Blown-In Cellulose Insulation


We have just completed our first experience with blown-in insulation and have learned a couple things we wanted to share.   

This is one of those oh-so-rare moments when we aren't pretending to know a lot about the subject; we just felt we'd learned enough the hard way and that perhaps you wouldn't have to.



First off, based on our research we expected insulating 600 square feet of stuff space would take a few hours.  It actually took a couple days.  

One obvious issue is that this task is intended to be addressed by to or more people.  I would guess a second person would have cut more than half the time off, whereas most tasks take one person less than half the time it would take two.  

Ideally, one person would be in the attic blowing-in, as it were, while the other would continually load the hopper, and switch it on and off as necessary.  When only person is on  the job he or she must load the hopper, turn on the machine, open the gate, run up the ladder, locate and take control of the already-blowing hose, apply the insulation, rehang the hose, return down the ladder, and reload the hopper.    

The process gets trickier when the hopper is rooms away from the ladder or when the hatch is tricky to crawl through.

The time issue was compounded by the fact that, once we had everything in place we started discovering errors, oversights, and omissions that  needed repair.  Having already picked up the blower we were on the clock, so it would have been better to have sorted out all the issues ahead of time.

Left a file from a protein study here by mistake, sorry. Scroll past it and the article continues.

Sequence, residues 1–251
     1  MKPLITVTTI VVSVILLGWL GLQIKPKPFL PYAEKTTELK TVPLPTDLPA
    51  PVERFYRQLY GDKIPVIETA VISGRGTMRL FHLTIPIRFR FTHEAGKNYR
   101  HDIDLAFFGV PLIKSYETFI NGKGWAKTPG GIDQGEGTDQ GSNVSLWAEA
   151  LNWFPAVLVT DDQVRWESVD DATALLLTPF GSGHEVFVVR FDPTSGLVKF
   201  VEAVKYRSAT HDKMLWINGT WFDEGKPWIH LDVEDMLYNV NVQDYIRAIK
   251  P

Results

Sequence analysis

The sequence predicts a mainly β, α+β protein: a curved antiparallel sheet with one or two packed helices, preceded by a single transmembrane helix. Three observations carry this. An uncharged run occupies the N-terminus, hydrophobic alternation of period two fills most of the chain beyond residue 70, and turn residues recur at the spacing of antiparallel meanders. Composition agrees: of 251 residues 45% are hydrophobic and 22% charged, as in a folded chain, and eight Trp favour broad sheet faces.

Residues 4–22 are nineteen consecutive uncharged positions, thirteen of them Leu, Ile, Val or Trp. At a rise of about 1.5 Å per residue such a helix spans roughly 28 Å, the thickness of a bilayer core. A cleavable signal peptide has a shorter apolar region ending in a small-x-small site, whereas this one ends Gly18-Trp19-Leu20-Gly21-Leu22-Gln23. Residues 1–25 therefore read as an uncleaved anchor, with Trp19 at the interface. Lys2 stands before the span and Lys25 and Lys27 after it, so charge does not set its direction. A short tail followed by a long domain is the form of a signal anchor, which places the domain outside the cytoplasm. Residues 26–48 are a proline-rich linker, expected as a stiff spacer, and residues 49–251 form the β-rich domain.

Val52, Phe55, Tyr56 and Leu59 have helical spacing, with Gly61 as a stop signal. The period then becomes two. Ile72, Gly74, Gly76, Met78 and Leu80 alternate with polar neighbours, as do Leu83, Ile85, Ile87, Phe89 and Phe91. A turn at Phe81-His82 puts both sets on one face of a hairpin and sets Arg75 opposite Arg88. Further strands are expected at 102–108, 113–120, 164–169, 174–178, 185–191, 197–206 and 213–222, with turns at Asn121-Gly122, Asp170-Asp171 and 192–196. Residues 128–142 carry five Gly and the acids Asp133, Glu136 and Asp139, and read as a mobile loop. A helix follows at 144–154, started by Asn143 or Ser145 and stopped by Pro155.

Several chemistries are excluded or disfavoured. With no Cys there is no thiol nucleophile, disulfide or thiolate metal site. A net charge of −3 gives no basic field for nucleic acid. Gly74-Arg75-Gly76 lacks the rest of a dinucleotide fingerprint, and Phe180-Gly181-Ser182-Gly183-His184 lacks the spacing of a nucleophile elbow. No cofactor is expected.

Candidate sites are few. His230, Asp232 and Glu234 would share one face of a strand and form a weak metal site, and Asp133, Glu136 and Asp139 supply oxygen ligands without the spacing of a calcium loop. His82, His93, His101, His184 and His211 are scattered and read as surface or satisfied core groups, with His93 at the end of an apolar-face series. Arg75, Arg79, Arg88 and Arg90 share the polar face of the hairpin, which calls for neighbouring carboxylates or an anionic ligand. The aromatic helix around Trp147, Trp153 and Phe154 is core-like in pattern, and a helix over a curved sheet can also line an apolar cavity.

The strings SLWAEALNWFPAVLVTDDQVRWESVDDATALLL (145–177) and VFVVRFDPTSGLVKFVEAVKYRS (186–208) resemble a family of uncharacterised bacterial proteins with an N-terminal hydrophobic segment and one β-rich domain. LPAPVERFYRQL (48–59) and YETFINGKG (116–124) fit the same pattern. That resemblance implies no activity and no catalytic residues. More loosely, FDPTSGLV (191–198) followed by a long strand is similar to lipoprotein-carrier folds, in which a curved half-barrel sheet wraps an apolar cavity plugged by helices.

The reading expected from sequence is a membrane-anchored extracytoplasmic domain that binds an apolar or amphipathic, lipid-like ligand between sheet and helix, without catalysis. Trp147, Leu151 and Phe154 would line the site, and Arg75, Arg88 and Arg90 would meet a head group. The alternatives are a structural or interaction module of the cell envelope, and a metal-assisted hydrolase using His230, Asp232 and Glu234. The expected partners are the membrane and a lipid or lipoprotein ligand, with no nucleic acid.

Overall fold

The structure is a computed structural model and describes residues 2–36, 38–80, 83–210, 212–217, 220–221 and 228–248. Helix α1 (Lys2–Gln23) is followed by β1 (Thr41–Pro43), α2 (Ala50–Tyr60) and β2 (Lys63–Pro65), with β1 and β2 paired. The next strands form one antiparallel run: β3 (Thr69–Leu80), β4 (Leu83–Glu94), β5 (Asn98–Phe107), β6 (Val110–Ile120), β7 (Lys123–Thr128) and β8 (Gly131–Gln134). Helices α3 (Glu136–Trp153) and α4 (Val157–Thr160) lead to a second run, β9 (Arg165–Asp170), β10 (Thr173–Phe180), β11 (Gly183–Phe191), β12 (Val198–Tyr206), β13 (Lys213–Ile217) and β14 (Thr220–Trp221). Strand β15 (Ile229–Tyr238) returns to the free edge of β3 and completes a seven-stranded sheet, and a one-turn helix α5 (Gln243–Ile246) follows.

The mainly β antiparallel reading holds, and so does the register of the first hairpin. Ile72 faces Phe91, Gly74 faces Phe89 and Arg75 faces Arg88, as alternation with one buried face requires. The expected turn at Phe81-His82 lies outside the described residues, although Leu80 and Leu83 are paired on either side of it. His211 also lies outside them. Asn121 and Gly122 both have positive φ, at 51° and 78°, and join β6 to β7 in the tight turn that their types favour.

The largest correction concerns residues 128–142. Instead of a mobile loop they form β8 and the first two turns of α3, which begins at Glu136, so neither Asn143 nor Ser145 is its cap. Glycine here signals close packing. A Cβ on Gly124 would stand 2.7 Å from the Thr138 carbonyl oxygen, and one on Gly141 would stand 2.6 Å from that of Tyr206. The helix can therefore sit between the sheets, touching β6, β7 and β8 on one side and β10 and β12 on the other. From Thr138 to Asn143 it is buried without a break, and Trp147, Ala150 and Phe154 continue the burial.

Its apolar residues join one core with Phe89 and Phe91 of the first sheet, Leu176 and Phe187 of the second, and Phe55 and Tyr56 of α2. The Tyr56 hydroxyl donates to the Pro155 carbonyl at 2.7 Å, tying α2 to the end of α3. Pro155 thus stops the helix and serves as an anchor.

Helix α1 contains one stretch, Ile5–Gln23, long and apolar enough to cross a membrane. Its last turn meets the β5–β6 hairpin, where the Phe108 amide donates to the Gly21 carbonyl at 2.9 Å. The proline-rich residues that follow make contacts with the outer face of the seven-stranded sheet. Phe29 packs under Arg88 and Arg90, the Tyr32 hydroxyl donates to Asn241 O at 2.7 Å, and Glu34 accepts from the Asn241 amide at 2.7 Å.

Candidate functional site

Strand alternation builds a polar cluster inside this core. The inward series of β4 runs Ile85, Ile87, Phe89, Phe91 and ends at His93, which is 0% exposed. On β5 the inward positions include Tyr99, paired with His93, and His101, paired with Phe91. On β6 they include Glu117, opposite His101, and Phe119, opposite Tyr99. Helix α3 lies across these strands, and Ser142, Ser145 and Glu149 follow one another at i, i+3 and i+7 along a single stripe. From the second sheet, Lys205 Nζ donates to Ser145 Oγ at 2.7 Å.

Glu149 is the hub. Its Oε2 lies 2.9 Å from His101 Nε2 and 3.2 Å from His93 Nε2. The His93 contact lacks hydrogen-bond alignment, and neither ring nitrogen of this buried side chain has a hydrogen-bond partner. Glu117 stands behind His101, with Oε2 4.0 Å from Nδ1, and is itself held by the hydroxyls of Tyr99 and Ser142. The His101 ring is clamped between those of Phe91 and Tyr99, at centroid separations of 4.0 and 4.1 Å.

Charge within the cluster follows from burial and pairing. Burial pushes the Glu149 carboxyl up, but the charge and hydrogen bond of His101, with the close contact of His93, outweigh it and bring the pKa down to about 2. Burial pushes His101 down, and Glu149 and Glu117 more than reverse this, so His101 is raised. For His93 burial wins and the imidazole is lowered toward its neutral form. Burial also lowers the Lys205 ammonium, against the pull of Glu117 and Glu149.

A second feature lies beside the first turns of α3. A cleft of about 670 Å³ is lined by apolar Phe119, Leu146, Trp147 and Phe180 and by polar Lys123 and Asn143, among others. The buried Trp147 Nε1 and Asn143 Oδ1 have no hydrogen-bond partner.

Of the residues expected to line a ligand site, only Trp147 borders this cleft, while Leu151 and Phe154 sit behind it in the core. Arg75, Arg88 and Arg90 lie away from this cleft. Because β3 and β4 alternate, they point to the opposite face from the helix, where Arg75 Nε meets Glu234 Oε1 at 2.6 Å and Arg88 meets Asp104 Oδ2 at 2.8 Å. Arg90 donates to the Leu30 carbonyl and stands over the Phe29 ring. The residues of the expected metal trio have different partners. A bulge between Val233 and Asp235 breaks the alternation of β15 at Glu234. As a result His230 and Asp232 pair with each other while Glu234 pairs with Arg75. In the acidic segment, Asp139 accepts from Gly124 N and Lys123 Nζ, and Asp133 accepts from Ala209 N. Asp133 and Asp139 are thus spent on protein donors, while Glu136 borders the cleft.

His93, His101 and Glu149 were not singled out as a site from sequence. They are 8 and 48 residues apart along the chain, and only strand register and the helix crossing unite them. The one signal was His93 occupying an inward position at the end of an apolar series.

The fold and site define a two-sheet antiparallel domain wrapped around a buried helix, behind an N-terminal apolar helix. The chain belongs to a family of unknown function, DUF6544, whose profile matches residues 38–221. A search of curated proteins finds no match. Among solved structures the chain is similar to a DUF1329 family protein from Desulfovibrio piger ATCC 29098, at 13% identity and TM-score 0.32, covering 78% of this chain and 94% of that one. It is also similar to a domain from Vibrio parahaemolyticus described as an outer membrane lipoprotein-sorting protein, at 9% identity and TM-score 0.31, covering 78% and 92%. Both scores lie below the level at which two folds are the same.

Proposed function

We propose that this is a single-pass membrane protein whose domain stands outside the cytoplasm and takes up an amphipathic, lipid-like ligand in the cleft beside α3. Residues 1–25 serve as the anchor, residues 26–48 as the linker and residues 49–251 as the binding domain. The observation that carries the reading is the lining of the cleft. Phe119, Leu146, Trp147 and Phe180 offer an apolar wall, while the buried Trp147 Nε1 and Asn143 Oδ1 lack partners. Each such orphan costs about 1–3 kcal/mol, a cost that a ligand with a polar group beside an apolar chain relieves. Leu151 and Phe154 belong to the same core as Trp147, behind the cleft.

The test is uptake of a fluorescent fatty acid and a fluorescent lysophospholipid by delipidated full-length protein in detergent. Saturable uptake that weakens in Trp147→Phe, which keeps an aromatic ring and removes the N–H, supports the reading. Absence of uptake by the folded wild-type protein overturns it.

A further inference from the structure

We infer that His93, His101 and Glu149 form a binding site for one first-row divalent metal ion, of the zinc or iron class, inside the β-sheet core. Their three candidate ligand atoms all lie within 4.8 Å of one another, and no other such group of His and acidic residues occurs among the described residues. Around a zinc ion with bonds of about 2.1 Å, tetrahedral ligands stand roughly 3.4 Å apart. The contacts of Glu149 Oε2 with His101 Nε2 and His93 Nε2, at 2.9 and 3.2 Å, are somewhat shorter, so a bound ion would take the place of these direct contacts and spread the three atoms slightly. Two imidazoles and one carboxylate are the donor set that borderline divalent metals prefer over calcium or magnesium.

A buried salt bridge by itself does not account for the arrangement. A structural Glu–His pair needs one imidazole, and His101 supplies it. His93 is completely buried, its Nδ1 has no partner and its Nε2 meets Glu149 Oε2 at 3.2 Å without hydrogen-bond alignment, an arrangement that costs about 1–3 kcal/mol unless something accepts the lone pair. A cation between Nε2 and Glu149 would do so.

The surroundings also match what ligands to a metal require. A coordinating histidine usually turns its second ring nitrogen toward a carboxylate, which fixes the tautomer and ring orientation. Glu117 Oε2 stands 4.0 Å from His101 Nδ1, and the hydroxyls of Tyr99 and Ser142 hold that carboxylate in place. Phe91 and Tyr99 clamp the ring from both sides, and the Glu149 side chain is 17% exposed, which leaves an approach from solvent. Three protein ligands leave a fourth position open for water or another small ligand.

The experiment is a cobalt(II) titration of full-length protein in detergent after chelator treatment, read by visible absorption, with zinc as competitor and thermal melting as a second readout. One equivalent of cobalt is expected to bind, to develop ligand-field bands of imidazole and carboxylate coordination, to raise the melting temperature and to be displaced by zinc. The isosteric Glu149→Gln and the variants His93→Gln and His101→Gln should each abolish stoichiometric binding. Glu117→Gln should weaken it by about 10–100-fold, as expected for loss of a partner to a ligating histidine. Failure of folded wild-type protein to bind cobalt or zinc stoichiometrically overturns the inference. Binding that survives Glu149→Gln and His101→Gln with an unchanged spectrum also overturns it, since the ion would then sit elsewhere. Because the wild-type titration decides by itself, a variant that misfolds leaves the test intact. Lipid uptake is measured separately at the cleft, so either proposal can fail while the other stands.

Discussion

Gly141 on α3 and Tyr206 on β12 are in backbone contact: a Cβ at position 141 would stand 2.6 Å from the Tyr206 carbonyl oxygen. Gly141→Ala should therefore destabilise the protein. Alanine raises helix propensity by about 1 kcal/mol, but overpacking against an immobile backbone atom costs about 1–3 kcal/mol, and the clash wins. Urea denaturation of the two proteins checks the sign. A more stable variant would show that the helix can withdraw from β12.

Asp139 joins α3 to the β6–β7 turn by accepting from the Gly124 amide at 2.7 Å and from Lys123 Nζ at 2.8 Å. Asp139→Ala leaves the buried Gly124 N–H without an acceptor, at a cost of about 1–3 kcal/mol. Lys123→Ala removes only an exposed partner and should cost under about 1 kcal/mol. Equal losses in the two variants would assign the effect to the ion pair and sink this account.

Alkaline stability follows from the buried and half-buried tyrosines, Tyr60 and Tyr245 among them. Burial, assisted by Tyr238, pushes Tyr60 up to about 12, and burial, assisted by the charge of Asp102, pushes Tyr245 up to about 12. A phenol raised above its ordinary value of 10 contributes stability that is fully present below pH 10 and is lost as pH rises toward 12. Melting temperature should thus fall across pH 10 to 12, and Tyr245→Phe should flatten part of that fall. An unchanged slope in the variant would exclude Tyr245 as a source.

We used twice the bales of insulation than we had planned on.  We are very happy with the results and have no complaints about the amount we used but it would have been awkward if we had not had the excess on hand.  

We've reviewed the math and we should, theoretically, have used about 18 30-pound bales to lay a 12 inch layer of cellulose insulation over the r-30 Roxul.  We actually used 30.  Part of the overage is that the endstate is not perfectly flat and level so we rounded up to ensure that every inch was 12 inches or deeper.  We've frankly no idea where the rest of it went.



As we researched cellulose insulation we were happy with GreenFiber Low Dust Cellulose, which is available in 19-pound bales at HD and Lowe's (no particular endorsement here but their websites make it easier to research a product and know what's available).  The Depot has the same product in 30-pound bales, sold by the 36-bale pallet.  The price of 36 19-pound bales is almost exactly the same as 36 30-pound bales, so it makes more sense to buy the pallet.

We thought we would have leftovers enough to do Jean's old house, and maybe our own as well.  No such luck, but that's how we happened to have enough to finish the job in the Little Easy.

If you are planning to blow in cellulose we recommend you significantly round up.  It give us a ring and we'll get it wrong for you.



As above, we used a low dust cellulose product.  This turns out to be a flagrant lie.  The amount of fine airborne dust entering the house through a couple of small hatches in the ceiling was enough to smother a horse.  Everything throughout the Little Easy was coated in a layer of pale grey dust.  Any time we took off our respirators we were coughing and sneezing to beat the band.